Jeffrey Lubitz
Elisa Mendoza

One of the most distinctive and interesting securities class action litigation phenomena in recent years has been the rise of event driven litigation. In the following guest post, Jeffrey Lubitz, Executive Director at ISS Securities Class Action Services, and Elisa Mendoza, Vice President of Operations at ISS Securities Class Action Services, take a detailed look at the event driven securities litigation phenomenon, which they describe as a new driver in the growth of securities suit filings. A complete version of this ISS SCAS white paper with footnotes, endnotes, and sources is available  on the ISS website. I would like to thank Jeff and Elisa for allowing me to publish their article as a guest post on this site. I welcome guest post submissions from responsible authors on topics of interest to this blog’s readers. Please contact me directly if you would l like to submit a guest post. Here is Jeff and Elisa’s article.
Continue Reading Guest Post: Event Driven Securities Litigation: The New Driver in Class Action Growth

recent guest post on this site opined that because of the volume of Section 11 litigation being filed in New York state court, New York’s courts “will have a major role in shaping the standards applied in Securities Act litigation going forward.” If that is the case, then the recent New York appellate court ruling reversing a trial court’s dismissal motion denial in a state court Section 11 action could be significant. According to a December 4, 2020 Law360 article (here), the ruling represents the first time the New York appellate division has addressed the merits of a federal ’33 Act claim since the U.S. Supreme Court’s decision in Cyan. The New York appellate court’s December 3, 2020 ruling can be found here.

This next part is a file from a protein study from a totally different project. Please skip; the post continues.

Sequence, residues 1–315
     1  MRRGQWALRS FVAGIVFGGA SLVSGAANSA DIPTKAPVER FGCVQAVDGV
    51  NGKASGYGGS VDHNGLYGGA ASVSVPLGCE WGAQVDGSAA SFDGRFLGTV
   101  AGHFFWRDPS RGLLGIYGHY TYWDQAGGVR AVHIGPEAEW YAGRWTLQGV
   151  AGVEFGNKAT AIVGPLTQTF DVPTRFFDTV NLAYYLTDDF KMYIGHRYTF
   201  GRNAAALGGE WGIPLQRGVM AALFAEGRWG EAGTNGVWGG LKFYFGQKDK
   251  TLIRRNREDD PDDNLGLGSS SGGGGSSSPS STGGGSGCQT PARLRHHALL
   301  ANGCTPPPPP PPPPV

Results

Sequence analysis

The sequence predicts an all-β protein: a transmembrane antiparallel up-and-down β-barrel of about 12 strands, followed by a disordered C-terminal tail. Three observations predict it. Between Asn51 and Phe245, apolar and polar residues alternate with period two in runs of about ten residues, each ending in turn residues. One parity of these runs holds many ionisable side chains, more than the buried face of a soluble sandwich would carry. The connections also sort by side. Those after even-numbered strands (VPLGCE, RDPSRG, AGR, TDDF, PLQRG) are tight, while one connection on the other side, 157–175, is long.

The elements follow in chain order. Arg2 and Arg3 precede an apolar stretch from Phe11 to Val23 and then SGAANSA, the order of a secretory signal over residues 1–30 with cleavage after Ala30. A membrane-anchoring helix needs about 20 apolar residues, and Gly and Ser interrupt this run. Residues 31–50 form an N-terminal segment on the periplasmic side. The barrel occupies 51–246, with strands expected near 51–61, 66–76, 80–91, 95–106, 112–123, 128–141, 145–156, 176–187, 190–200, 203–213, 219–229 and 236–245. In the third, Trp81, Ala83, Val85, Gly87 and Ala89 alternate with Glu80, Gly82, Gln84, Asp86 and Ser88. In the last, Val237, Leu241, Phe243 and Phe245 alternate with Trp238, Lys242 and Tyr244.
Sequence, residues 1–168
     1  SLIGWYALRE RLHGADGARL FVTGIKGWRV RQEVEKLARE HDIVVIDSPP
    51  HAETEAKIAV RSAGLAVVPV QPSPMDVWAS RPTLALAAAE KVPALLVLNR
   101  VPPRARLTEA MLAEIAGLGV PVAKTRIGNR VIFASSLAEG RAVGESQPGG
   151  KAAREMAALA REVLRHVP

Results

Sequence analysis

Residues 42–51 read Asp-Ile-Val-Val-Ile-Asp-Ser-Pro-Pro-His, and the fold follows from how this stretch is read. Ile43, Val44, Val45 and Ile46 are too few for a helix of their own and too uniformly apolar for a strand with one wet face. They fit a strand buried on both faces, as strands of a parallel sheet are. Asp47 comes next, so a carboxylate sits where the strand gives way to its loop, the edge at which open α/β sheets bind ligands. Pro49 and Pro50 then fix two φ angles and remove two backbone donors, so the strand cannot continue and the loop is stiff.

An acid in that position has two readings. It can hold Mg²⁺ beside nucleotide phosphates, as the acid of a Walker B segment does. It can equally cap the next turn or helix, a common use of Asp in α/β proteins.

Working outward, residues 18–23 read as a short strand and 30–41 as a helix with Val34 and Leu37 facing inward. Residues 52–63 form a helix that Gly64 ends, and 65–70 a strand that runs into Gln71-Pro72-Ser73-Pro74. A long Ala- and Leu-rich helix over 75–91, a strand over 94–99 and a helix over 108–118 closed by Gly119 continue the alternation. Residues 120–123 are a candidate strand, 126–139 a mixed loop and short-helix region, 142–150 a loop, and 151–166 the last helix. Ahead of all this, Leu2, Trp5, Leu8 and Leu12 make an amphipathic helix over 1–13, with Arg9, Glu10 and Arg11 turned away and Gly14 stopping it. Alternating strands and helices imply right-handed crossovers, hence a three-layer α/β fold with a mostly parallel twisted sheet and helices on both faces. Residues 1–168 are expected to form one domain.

Continue Reading NY Appellate Court Reverses Trial Court’s Dismissal Denial in State Court Securities Suit

Nessim Mezrahi

In the following guest post, Nessim Mezrahi takes a look at the Second Circuit’s November 25, 2020 Summary Order in Lea v. TAL Education Group, in which the appellate court reversed the trial court’s dismissal of a securities class action complaint. Many of the plaintiff’s allegations in the complaint were based on matters first raised in a short seller report, a consideration about which Mezrahi has concerns, as discussed below. Mezrahi is co-founder and CEO of SAR, a securities class action data analytics and software company. I would like to thank Nessim for allowing me to publish his article as a guest post on this site. I welcome guest post submissions from responsible authors on topics of interest to this site’s readers. Please contact me directly if you would like to submit a guest post. Here is Nessim’s article.
Continue Reading Guest Post: Second Circuit Ruling Exposes D&Os to Exchange Act Claims Based on Biased Short-Seller Research